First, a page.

I was born in makhila, so I have a very personal relationship with him. For me it is important that the company be transferred. This is not a cause for concern at the moment because we have thirty years before I retire. But in twenty years, we will have to ask ourselves the question of passing on know-how and business to someone who is not going to make makhila something merchant or a luxury product. It is also the transmission of a state of mind. »

Cédric Suire, releveur-repousseur, promotion 2019: an iron will


« I arrived in the Ateliers Saint-Jacques, at the Coubertin Foundation, in 2009 as a fellow trained as a locksmith. It is during this year that I followed a module of three days of lifting pushing, which is one of the specialties of the metal locksmith. This is a practice I was not familiar with, and it involves working cold on one-millimetre thick iron to decorate works such as royal grilles, stair railings or railings on balconies.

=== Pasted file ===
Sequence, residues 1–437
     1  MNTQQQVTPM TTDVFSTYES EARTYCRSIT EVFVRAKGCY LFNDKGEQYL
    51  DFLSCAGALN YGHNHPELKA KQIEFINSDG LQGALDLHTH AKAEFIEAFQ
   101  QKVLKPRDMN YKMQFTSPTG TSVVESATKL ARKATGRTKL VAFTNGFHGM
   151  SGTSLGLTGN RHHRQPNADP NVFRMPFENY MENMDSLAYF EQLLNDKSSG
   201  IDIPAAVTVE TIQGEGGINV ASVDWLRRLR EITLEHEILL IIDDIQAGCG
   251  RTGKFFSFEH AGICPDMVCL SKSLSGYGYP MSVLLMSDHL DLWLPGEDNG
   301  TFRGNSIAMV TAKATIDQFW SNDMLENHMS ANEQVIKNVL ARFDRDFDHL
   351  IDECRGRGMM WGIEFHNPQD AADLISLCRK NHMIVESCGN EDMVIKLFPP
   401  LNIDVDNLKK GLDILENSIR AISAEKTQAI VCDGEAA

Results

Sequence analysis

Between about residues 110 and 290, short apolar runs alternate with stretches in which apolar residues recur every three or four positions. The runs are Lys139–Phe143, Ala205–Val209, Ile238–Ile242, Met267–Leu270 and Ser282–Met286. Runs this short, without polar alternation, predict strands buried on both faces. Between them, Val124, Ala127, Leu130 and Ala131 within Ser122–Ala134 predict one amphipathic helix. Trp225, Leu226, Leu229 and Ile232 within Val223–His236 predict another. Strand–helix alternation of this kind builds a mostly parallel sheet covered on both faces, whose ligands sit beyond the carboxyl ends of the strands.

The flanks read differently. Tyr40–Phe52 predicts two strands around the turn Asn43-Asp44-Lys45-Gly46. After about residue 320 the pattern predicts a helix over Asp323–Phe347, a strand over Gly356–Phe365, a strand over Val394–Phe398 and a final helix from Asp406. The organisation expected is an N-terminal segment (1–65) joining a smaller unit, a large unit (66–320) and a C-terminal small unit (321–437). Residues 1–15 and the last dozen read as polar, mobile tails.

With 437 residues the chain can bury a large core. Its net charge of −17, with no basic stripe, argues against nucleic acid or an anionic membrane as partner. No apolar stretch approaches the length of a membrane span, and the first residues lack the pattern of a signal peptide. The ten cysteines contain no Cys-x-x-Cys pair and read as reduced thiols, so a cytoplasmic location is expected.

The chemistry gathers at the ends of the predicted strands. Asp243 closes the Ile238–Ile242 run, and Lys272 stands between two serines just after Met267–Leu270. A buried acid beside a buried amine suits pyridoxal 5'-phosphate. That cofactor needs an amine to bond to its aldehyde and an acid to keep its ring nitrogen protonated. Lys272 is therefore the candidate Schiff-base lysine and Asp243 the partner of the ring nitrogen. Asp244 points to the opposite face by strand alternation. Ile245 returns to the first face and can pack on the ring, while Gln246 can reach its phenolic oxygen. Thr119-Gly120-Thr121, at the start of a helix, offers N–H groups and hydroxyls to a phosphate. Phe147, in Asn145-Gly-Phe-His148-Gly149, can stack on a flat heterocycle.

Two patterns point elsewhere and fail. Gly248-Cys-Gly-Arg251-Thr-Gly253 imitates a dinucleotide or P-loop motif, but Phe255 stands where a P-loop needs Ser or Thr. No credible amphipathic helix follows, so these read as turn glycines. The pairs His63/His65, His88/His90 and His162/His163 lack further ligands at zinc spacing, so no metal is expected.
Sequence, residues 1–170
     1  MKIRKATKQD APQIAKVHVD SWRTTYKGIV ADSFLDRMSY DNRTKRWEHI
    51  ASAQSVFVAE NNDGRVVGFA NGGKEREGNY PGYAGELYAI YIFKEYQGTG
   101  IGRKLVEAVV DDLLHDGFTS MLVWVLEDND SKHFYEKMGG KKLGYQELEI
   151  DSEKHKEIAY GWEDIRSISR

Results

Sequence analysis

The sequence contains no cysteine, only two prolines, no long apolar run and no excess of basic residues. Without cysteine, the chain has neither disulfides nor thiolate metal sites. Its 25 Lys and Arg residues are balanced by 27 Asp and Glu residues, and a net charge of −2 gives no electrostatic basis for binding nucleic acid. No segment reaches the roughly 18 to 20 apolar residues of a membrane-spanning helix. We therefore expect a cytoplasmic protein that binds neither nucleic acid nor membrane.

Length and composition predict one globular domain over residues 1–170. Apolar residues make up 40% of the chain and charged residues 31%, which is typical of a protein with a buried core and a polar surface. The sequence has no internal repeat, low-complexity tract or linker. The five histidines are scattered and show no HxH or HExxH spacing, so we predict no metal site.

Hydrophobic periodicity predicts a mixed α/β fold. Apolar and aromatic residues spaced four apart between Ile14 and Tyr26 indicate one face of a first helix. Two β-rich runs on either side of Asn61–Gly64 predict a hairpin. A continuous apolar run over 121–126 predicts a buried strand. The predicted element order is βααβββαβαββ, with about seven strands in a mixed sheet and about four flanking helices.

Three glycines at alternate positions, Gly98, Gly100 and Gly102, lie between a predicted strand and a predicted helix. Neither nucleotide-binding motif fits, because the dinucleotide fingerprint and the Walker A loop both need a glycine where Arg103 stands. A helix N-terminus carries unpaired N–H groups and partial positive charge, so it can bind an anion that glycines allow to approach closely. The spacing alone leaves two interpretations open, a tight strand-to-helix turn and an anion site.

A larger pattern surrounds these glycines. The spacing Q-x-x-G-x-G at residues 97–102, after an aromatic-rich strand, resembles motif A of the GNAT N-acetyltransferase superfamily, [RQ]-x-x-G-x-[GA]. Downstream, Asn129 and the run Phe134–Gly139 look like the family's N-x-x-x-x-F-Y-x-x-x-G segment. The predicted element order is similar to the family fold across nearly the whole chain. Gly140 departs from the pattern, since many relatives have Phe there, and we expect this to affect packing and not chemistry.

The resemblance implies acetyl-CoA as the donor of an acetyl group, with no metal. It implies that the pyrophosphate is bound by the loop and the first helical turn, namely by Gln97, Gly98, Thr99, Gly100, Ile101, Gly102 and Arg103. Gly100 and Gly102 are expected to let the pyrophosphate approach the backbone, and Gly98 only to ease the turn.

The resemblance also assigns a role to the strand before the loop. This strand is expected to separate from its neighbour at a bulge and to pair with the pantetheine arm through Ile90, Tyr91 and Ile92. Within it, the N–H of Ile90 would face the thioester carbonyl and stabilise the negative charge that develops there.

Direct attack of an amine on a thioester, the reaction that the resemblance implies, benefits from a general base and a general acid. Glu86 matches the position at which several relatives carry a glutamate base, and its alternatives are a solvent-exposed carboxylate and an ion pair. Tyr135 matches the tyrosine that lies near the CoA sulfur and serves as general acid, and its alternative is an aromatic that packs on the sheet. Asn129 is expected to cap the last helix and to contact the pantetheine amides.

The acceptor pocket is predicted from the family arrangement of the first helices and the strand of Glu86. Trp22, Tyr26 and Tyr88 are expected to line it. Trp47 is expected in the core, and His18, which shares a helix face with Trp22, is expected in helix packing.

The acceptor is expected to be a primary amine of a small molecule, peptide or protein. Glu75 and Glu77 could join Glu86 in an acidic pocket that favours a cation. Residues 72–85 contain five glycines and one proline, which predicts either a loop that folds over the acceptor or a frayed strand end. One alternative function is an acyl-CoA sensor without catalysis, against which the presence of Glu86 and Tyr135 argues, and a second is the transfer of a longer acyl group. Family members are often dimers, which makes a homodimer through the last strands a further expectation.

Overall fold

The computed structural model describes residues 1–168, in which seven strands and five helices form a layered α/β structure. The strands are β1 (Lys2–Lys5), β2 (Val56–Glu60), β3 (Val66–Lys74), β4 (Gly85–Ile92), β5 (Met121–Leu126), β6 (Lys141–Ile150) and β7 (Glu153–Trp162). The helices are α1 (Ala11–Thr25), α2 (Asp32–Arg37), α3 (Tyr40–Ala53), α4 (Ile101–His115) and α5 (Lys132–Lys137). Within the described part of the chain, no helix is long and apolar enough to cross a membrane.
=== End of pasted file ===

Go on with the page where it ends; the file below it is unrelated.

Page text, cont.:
There, I met Serge Pascal and stayed in the evening with him in his workshop to see how he proceeded. It worked well between us and at the end of the year, I thought I would work from site to site with this know-how. I continued my Tour de France of the Companions for another three years and then I saw Serge again who asked me to come back to the Foundation to take over.

I then sought to take evening classes in drawing to try to free my hand and I arrived at Boulle school where I met Mr. Pradels, a former student who told me about this program and I thought that we were legitimate candidates. For Serge, it was the best recognition he had ever had because it was that of his professional work by other professionals. Until now, what we lacked was transmission time but we had the advantage of being together all the time. The goal for us was to keep the technique and make it continue in more contemporary works. We would respond to a site and then document our restorations in writing. The program also allowed us to take a study trip to England in the footsteps of the ironworker Jean Tijou and having the INMA with us allowed us to open several doors.